One of his newsletters published in his name even called this holiday " --
our annual Hate Whitey Day." And Paul is against the Civil Rights Act of
1964, calling it federal infringement on private property.

But it`s not just Dr. Paul. Too often on the trail when it comes to
minorities and the poor, we`ve heard candidates stoop to ugly rhetoric.


people`s lives better by giving them somebody else`s money. I want to give
them the opportunity to go out and earn their money and provide for
themselves and their families.



NEWT GINGRICH (R), PRESIDENTIAL CANDIDATE: Really poor children in really
poor neighborhoods have no habits of working and have nobody around them
who works. It is tragic what we do in the poorest neighborhoods,
entrapping children in -- first of all, in child laws, which are truly
stupid. Most of these schools ought to get rid of the unionized janitors,
have one master janitor, and pay local students to take care of the school.


SHARPTON: So, while you bask in the joy of King-inspired unity today,
watch what they are saying the rest of the year.

Joining me now is Joe Madison, host of "Mornings With Madison" on Sirius XM
Radio, and Perry Bacon, Jr., politics editor for

Thanks, both of you, for being here.

Joe --

JOE MADISON, RADIO TALK SHOW HOST: Happy King Day to you -- yes?

SHARPTON: Joe, I want to start with you. We were together at a breakfast
this morning in Washington for Dr. King sponsored by National Action
Network. And you have been to tributes down through the years, fought to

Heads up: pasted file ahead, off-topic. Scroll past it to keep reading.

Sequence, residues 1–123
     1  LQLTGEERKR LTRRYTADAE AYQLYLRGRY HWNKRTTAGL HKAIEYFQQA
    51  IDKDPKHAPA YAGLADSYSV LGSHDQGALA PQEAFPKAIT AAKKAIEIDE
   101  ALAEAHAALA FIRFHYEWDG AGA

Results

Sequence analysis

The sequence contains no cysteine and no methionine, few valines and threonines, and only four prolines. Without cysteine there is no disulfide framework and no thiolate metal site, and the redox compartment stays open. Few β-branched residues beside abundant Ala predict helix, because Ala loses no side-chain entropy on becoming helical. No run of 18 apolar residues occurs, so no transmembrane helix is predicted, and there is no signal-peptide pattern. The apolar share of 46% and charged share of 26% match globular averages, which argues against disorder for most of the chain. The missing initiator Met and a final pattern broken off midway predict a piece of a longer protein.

help make it a holiday.

What do you make of these tributes you are hearing today from these GOP

MADISON: Well, let`s take one thing that you mentioned today at breakfast,
and that is they are going to be in South Carolina, where the confederate
flag still flies over the Capitol dome. And I know and you know that
during Dr. King`s life, that confederate flag also flew many times
attacking him.

How many times did he see that confederate flag flying in opposition every
time he marched, every time he demonstrated? Many, many times.

Number two, we were in Detroit just this past weekend with the AFL-CIO.
Arlene Baker there had a King labor town hall meeting, and you are talking
about janitors. And you know what the governor of Michigan has done? He
has taken the city of Pontiac, and one of the things they`ve done is
they`ve gotten rid of all the janitors in the schools. All the janitors in
the schools.

And we had a city councilman tell us who teaches school that he has to
vacuum his own classrooms. He has to bring toilet paper to his own
classroom. And he also said under emergency management, as we -- as you`ve
talked about on your show and others have at --

SHARPTON: I was in Detroit yesterday on emergency management.

MADISON: They fired -- the first person they fired was the city attorney.
They fired the city clerk. They might unincorporate the city. And they
are heading to try and do the same thing to Detroit, wipe out all union

And, in essence, all the council can do, all the mayor can do is adjourn --
convene and adjourn a meeting or listen to the people. They can`t even
pass a resolution if they wanted an Al Sharpton Day.

SHARPTON: Well, Perry, let me ask you this. As Joe outlines what we are
still facing all over the country, today we saw the Republican candidates,
despite their past, say a lot of nice-sounding things about Dr. King. Newt
Gingrich and Rick Perry praised King at a breakfast in Myrtle Beach, South

Let me play this for you, because you are covering the race. I want to get
your perspective. Let me start with Newton and Mr. Perry.